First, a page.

Discovering Species

A katydid in Atewa, Ghana.  © Piotr Naskrecki
A katydid in Atewa, Ghana. 
© Piotr Naskrecki
Why new species discoveries are important

While most people know about the plight of mountain gorillas or the giant pandas’ struggle to survive, few have heard of the demise of the Antioch dune katydid or the extinction of the Naivasha Lampeye fish – species that were discovered too late to be saved. 

The very first step in conservation of species is the knowledge of their existence. Unknown thousands of species may have gone extinct before we even had a chance to give them proper scientific names.

For example, Centinela Ridge in Ecuador was a site of extraordinary floral diversity, where botanists discovered 90 unique, previously unnamed species of plants. Before they had a chance to properly collect and describe them, the ridge was cleared for agricultural use, wiping every species out.

At CI, we vow not to let this happen again.

Naming a species helps people identify with nature and foster interest in conservation. Once we know the species’ name and biology, we begin to care about it, and often want to help to protect it.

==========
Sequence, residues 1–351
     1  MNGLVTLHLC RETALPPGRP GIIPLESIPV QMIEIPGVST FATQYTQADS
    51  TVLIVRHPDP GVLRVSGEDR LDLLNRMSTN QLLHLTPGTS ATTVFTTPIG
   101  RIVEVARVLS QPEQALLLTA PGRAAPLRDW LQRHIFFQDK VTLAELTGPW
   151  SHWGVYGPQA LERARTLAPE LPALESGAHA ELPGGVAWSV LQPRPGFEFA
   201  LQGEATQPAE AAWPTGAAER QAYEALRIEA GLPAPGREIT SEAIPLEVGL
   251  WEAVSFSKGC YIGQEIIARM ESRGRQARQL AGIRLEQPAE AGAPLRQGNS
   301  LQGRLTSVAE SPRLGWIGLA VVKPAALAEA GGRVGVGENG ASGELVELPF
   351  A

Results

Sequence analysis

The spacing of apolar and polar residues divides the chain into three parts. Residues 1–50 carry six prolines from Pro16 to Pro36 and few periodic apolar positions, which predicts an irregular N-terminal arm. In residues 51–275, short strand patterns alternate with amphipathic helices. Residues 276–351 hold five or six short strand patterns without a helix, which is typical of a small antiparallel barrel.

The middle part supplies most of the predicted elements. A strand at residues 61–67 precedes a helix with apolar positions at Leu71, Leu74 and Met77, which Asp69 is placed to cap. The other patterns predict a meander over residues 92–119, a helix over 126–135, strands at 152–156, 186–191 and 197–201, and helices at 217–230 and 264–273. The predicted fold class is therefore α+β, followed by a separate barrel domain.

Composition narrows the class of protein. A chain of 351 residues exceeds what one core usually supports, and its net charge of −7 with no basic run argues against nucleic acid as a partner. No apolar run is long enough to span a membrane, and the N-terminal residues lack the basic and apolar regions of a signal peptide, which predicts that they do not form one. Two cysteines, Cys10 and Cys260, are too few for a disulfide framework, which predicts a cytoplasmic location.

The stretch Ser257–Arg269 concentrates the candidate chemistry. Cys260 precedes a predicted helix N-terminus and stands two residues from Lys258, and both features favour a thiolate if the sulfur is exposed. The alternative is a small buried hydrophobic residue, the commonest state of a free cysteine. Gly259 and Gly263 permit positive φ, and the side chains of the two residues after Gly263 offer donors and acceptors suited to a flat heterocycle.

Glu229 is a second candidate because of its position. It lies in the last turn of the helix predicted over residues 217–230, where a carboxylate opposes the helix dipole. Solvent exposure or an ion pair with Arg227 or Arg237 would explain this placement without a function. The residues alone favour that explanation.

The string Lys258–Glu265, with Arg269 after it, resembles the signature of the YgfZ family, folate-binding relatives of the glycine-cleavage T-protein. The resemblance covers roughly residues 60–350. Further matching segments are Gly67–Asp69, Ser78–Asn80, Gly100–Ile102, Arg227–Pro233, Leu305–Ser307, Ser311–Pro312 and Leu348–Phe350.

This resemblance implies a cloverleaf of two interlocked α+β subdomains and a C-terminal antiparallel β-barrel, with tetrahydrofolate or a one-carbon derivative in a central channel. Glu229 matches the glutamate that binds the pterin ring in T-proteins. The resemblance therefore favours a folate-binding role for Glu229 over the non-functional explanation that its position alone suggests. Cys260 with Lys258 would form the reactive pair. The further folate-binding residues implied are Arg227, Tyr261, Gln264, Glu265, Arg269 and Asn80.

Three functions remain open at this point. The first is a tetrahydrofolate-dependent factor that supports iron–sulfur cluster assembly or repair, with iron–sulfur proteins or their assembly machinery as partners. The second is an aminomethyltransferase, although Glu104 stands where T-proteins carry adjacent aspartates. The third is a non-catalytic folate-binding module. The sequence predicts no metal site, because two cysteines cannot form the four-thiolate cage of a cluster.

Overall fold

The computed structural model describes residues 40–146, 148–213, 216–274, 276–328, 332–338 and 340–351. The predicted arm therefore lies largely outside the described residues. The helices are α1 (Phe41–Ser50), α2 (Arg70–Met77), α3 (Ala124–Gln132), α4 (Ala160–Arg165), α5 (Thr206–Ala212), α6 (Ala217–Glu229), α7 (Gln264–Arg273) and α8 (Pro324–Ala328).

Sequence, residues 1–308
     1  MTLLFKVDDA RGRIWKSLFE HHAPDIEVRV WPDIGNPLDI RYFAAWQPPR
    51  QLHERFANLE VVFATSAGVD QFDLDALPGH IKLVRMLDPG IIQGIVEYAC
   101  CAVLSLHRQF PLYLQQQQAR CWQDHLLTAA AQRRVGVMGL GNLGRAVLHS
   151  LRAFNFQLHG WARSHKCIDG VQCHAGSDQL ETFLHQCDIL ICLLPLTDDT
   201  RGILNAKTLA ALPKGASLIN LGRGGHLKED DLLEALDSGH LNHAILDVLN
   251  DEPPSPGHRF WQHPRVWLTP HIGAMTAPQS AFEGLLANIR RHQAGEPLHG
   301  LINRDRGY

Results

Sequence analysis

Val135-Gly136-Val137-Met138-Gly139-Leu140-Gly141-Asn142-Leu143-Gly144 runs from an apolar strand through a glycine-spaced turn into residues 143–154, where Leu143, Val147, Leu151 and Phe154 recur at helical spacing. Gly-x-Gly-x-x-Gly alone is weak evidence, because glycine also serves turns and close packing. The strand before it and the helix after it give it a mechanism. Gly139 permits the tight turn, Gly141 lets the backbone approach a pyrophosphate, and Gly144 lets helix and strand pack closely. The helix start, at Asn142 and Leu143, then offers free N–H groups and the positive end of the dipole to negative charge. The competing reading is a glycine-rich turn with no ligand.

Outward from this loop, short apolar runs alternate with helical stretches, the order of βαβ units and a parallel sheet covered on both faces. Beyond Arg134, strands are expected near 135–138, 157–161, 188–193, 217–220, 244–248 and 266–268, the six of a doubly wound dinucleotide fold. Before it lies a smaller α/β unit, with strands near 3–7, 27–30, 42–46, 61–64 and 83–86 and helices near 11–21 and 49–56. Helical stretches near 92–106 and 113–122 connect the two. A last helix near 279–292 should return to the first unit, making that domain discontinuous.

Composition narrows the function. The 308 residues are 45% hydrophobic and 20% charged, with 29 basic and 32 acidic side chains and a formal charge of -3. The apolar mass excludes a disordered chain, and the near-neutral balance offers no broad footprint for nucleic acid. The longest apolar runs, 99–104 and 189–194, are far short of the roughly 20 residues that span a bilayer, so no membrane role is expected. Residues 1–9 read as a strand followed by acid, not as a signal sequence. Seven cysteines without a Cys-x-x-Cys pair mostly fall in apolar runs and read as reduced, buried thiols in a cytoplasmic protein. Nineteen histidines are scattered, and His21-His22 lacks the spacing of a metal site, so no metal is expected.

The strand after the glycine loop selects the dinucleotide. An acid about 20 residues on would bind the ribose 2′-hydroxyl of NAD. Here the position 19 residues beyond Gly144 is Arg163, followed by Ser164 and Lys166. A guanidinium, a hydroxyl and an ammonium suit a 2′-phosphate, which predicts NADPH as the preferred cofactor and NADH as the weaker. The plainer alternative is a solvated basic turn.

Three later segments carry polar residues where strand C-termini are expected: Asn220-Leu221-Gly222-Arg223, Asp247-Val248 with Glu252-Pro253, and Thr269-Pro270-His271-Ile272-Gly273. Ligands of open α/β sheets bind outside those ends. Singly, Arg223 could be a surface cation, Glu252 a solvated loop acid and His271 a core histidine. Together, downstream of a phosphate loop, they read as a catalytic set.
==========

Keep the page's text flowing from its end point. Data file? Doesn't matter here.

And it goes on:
There are other, more utilitarian reasons for finding new species as well. The millions of species on Earth provide a multitude of free but valuable services for humans, including clean air and fresh water, new and refreshed soils and nutrients, pollination of flowering plants, and cleanup through scavenging and predation. Forests of trees take up much of the carbon humans produce, helping to buffer many of the effects of global climate change.

Each organism is also a unique repository of genetic codes and biochemical reactions, a potential source of life-saving drugs and new technologies. Within these species discoveries we may find bio-control agents that can help reduce or eliminate the use of harmful pesticides or discover new crops and other sources of food.

Species new to science often also help us better understand the history of life on Earth, filling in the gaps on the tree of life and improving our understanding of the evolutionary processes that created it.

Accordingly, CI and its Rapid Assessment Program (RAP) lead the effort to find those yet undescribed species, give them a name, monitor them and, if necessary, protect them.

 
 
 
 
 
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